Learning Goals

Aims for Health Studies Minor

  • To create a coherent curricular structure in which students address issues of health and disease informed by multidisciplinary investigations, combining insights from the natural sciences, social sciences, and humanities
  • To develop in our students the ability to think and write critically with depth, precision and sophistication about complex topics on health, disease and social justice;
  • To prepare students to work in partnership with diverse stakeholders to contribute to the well being of local communities and global populations.

Learning Goals for the Minors

(adapted from the Association of Schools of Public Health's Undergraduate Public Health Learning Outcomes)


  • Understand the interconnected physical, social, and humanistic dimensions of community health as described in the three core tracks below.
  • Analyze the determinants of health and disease employing multidisciplinary perspectives.
  • Apply principles of public health and social justice to contemporary issues of disease and wellbeing.
  • Collaborate in interdisciplinary research and teamwork for improving community health.
  • Conduct a literature review on a health issue employing diverse academic and public resources.

Three Core Tracks:

M Track (Mechanisms of disease and the maintenance of the healthy body):

  • Describe the biological mechanisms and risk factors of both infectious and chronic diseases.
  • Understand how methods of epidemiology and surveillance are used to monitor population health and respond to disease outbreaks.
  • Evaluate multiple sources of health information and assess health data; use this information to develop responses to individual and community health issues.
  • Assess the influence that scientific research and technology have on individual and population health.

R Track (cultural, literary and visual Representations of health and illness):

  • Identify the role that humanistic inquiry plays in developing responses to pressing health issues.
  • Understand how literary and visual representations and cultural productions shape conceptions of health, illness, and the body.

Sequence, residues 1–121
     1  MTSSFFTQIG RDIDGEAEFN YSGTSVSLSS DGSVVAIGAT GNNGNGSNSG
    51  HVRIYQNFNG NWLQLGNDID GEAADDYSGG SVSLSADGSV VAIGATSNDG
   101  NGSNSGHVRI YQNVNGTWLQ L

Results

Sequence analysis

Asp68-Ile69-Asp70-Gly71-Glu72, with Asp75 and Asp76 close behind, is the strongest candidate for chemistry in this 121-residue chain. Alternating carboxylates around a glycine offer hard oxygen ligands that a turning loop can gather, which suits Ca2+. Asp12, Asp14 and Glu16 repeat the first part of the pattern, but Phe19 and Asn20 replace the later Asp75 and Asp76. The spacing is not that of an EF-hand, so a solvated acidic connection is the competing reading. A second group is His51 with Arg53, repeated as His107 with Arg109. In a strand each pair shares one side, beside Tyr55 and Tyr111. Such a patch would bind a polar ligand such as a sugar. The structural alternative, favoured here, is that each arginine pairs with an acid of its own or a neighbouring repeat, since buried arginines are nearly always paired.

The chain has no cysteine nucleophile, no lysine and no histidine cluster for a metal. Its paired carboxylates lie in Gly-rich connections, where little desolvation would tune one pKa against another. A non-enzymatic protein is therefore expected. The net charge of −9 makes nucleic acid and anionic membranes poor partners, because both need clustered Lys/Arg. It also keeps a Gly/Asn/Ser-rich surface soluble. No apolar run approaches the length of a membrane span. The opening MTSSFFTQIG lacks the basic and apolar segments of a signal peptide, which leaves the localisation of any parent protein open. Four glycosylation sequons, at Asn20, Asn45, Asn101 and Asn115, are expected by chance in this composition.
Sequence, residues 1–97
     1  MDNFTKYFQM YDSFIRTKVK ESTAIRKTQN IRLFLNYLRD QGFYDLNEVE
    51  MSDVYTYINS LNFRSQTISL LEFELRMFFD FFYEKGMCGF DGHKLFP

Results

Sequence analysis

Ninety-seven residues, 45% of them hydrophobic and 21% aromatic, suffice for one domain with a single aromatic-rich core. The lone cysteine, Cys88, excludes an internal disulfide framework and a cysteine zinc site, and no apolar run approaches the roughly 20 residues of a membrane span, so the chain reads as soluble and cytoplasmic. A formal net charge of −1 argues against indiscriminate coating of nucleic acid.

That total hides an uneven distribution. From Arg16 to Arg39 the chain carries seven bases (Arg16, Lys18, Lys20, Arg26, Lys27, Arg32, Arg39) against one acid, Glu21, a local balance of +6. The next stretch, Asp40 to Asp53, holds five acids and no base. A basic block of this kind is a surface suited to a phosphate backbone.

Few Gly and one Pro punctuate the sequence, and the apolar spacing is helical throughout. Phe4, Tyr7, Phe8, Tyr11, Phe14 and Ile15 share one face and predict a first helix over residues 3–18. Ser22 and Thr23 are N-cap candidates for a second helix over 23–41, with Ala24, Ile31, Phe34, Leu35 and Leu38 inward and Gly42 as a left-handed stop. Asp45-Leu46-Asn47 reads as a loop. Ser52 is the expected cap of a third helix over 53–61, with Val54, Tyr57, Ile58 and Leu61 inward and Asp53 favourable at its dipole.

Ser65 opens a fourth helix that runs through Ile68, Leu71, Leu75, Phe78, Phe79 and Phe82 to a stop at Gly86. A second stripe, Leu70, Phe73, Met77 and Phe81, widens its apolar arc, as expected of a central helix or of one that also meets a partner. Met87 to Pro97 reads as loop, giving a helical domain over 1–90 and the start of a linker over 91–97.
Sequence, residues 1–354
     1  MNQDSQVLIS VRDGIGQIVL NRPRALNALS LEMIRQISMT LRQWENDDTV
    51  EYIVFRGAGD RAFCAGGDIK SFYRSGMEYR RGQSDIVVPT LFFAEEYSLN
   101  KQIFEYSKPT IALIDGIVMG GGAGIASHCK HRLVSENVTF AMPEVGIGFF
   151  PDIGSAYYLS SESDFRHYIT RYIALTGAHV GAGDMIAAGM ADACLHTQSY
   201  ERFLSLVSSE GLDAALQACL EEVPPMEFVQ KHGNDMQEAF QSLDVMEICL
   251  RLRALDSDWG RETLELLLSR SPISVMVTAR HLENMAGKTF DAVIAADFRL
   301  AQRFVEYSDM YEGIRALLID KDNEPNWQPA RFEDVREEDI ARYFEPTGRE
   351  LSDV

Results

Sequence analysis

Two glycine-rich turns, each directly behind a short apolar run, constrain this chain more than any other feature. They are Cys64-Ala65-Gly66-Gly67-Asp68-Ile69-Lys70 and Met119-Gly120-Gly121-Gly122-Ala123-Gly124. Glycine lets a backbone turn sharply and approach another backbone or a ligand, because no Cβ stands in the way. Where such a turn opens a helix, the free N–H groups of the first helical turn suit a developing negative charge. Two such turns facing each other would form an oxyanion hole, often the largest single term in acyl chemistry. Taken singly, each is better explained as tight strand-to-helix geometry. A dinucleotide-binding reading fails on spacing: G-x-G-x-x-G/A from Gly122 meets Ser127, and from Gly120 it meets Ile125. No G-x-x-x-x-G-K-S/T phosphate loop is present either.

• Explore the diversity of health beliefs and healing practices among individuals, communities, and cultures in local, national, and global contexts.
  • Analyze ethical dilemmas in the field of public health, clinical medicine, and biomedical research.
  • Understand how intersections of gender, race, ethnicity, and sexual discrimination shape health and disease, risk and vulnerability.

S Track (familial, social, civic and governmental Structures that respond to issues of health and disease):

  • Investigate how social, political, legal, and economic structures and institutions influence responses to health and disease.
  • Examine public health as social justice with a fundamental right to health and health services.
  • Identify stakeholders who influence health programs and interventions.
  • Recognize the impact of policies, laws, and legislation on both individual and population health.
  • Understand roles and responsibilities of government, non-government agencies, and private organizations in promoting health.
  • Understand how organizational structures, financing, and the delivery of health care and public health services impact population health.
  • Recognize the role of community collaborations in promoting population health.

Learning Goals for the Capstone Course

  • Through lectures, assigned and independent reading, students will work together to develop significant expertise in the chosen thematic area.
  • Students, individually or in small groups, will identity an issue important to health and disease and prepare a research proposal that synthesizes and analyzes literature from their disciplinary field.
  • Students will propose an original study of a health issue. The nature of this original research proposal would depend on the specific disciplinary perspective and major of the student. For example, the end product of the proposed work could be: a set of experiments and a discussion of the potential results; the design of a drug trial, complete with the correct statistical analysis; an educational curriculum or community intervention; a proposal for a monograph; or an artistic work.
  • Students will share their preliminary proposals in formal oral presentations over the course of the semester. Meetings of the seminar will be set aside for formal critique of nascent proposals, such that each student will have the chance to participate in the generation of their colleagues’ proposals.
  • Students will present and defend their project in a poster or oral presentation at the end of the course.